Kassey Lee explains the process he went through when evaluating an expired domain for purchase.
I was watching Godaddy Auctions today and found the expiring domain YogaYoung.com. Since “yoga” is a popular keyword, I decided to look into this domain.
First, I checked LinkedIn but found no company using the name “Yoga Young”. Google search gave no hope either.
However, dotDB, a site that shows registered domains containing a word/second level domain, reported 12 matches. dotDB has a nice feature I like — the matches have links. By installing the Snap Links extension to my Firefox browser, I can open the links and check their websites all at once.
The result was the discovery of two operating websites: YogaYoungistan.com and YogaYoung.cn.
Since YogaYoungistan.com already matches its brand Yoga Youngistan, there is no motivation for the company to change its domain to YogaYoung.com which is not brand-matching after all.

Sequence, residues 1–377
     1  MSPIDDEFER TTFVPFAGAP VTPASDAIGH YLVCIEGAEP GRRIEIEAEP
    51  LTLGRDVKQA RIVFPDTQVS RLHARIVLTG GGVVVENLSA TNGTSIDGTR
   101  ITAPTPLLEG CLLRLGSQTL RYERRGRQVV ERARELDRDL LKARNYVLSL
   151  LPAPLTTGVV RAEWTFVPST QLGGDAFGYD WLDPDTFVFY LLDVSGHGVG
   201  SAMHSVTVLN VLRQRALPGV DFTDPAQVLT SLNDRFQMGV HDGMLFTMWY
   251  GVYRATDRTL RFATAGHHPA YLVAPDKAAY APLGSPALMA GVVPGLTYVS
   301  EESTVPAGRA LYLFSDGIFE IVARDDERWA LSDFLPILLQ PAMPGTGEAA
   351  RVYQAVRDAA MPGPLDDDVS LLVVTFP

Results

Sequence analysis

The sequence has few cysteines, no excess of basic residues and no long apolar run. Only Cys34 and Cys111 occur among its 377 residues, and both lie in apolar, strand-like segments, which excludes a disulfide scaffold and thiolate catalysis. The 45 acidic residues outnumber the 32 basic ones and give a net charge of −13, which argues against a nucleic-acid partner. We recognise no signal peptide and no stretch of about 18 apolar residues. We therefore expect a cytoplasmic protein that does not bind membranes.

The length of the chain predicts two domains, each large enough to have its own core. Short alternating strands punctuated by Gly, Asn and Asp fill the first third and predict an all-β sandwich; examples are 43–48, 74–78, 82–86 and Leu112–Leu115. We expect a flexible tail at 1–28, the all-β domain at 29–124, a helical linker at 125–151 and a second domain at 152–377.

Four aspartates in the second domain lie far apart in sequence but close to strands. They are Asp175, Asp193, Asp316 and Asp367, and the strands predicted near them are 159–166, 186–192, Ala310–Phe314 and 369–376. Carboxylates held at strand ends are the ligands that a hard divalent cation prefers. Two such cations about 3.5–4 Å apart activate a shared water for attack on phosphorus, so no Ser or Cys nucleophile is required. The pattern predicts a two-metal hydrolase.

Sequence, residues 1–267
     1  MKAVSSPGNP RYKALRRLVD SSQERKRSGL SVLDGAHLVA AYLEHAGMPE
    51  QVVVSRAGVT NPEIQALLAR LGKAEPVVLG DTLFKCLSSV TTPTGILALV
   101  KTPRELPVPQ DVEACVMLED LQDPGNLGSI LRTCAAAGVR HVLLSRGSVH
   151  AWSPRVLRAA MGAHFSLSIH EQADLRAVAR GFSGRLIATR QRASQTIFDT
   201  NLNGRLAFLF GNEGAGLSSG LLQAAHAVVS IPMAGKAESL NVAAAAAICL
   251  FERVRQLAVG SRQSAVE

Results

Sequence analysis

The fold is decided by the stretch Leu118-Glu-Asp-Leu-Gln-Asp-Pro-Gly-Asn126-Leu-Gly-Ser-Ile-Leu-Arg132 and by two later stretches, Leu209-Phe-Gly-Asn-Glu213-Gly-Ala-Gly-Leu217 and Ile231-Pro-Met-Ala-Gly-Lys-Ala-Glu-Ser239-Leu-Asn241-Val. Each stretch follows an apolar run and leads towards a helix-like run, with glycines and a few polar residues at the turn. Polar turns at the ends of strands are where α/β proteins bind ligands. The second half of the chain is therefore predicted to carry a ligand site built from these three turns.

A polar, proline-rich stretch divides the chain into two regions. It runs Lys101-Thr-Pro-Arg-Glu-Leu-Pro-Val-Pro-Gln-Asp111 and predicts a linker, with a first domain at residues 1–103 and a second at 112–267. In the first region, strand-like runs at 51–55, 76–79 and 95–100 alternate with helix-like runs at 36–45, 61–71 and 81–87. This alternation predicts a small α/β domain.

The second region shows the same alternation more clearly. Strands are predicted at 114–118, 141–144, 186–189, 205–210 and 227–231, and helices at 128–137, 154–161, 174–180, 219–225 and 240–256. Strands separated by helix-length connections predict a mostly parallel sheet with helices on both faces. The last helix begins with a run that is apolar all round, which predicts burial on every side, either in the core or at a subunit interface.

Nevertheless, YogaYoung.cn looked promising at first because Chinese companies like to upgrade from .cn to .com.
The home page design paints a solid company and the photos show a professional team and active yoga classes. However, even if you don’t read Chinese, you can see the name “Maya Yoga” prominently displayed at several locations. Thus, we can conclude that Maya Yoga is their brand and therefore upgrade from YogaYoung.cn to YogaYoung.com is unlikely because they are not brand-matching.
Based on this research, I decided not to acquire YogaYoung.com because I could not find any potential end users for it.